I. The Big Story: Sino-Japanese Tensions
There have been attempts to stabilise Sino-Japanese relations since 2018. However, it has not succeeded. The Chinese maritime incursions in and around the Japanese held islands in the East China Sea have soared dramatically this year. According to the data released by the Japanese Coast Guard, Chinese ships and coastal guard vessels have entered the Japanese waters over 1000 times. That’s an eighty per cent increase over last year, and much higher than in 2012 when China began making regular incursions in the Japanese waters. The two countries are also involved in a territorial dispute over the Senkaku/Diayu Islands in the East China Sea.
Japan has issued a dire warning to Beijing. It has shifted the epicentre of tensions to China’s backyard, the South China Sea. Tokyo has revealed its plan to send a warship to the contested South China Sea. It is planning to send its Izumi-class destroyer, which as per the plan will make stops at Singapore, Indonesia, the Philippines and Sri Lanka. From Sri Lanka, it will go and join the US and Indian naval vessels for the trilateral Malabar exercise in the Indian Ocean. Sources within the Japanese defence forces said that it is the biggest show of naval force by Japan since World War II.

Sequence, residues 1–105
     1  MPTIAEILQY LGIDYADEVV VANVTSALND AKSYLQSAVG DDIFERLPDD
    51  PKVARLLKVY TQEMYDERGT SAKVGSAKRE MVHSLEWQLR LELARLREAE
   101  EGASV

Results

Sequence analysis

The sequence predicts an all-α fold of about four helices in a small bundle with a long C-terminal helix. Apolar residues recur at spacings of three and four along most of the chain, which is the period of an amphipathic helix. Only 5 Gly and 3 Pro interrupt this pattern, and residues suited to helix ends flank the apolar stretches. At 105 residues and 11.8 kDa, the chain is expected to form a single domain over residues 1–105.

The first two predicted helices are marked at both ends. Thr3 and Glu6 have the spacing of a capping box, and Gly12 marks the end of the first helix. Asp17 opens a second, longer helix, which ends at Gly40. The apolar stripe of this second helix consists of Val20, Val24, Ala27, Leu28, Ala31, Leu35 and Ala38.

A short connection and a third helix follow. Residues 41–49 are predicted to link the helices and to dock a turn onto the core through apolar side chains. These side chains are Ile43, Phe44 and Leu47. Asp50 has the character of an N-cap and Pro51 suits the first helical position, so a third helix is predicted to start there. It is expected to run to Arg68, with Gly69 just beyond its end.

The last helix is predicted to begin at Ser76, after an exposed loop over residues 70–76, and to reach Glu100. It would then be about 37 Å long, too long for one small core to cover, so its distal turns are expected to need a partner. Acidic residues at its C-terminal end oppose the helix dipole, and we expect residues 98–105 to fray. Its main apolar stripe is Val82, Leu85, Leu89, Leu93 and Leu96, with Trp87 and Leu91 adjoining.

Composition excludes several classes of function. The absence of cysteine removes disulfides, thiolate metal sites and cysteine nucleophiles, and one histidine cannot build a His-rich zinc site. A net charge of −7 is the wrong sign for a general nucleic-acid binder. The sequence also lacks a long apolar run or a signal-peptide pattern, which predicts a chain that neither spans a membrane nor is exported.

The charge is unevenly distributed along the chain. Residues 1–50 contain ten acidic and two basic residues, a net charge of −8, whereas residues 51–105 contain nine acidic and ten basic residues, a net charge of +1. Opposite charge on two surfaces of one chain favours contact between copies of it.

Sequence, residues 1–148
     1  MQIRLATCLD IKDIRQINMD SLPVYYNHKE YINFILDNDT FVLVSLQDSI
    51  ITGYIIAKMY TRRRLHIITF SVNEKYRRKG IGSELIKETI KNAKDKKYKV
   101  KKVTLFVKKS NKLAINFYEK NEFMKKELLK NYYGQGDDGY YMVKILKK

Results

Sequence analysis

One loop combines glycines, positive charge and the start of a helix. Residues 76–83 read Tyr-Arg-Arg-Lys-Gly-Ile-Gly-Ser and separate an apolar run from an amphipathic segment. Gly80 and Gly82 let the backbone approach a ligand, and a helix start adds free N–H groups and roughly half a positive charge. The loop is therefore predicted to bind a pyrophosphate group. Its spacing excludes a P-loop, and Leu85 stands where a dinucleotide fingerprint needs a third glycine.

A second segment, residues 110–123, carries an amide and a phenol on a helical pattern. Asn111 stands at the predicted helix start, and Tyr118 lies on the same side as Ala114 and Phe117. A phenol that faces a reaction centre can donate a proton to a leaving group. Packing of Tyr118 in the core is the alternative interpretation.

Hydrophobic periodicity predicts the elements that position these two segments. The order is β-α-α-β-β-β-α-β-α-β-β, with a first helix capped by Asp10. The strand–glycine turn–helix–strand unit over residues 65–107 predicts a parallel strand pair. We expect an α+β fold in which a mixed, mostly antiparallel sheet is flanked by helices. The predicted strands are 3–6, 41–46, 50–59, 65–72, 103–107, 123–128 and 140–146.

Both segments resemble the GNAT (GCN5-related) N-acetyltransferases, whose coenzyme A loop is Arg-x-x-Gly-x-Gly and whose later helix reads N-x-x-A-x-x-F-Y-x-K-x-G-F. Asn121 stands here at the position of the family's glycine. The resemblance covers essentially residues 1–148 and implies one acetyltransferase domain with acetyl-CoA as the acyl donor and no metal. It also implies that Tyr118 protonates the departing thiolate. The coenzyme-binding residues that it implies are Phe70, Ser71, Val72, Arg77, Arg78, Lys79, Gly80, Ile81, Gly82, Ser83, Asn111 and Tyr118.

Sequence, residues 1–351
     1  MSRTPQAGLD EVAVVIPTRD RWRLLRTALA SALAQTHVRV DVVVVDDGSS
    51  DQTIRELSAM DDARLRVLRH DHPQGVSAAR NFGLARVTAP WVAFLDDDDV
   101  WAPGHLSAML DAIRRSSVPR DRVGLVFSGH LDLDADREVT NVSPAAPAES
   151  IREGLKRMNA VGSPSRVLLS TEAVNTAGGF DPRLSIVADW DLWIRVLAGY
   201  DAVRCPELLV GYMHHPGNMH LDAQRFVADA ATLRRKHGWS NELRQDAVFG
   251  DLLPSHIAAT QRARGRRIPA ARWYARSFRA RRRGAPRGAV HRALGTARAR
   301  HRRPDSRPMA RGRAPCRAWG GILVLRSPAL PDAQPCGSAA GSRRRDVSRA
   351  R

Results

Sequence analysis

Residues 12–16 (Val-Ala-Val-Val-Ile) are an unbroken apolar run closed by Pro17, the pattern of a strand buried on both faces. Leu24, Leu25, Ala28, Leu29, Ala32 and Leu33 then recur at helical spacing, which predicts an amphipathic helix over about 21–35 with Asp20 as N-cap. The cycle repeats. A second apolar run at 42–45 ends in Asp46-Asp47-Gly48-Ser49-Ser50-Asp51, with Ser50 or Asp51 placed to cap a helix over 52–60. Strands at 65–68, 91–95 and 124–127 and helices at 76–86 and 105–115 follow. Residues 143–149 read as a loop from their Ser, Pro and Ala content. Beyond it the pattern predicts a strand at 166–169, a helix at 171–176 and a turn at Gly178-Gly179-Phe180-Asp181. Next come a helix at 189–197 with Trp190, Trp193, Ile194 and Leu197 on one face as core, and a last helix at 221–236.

The Japanese government also announced buying Mageshima Island in the East China Sea last week. The Mageshima Island is an uninhabited outcrop 21 miles (34 km) from the southernmost Japanese main island of Kyushu. The island, most of which is owned by a privately held Tokyo development company, is uninhabited and hosts two intersecting unpaved runways that were abandoned under a previous development project. The Japanese government said that the runways will be paved and used for US Navy and Marine Corps planes to simulate aircraft carrier landings. Once suitably constructed, the island could become a permanent base for Japan’s Self Defence Forces to strengthen its position in the East China Sea. This deal comes as the US is trying to spread its forces which are concentrated across the six bases in the region. The more bases you have, the more missiles an adversary would need to fire to overwhelm its target and gain an advantage in a combat scenario. Also, a permanent land base is considered more valuable than aircraft carriers, because they can withstand a great number of munitions. In theory, a carrier can be taken out with a single missile or torpedo. CNN reports that Magashima could facilitate new cooperation between the Japanese and US militaries by involving F-35 fighters. “Having Japanese F-35s on American naval vessels would be quite a signal,” reports CNN.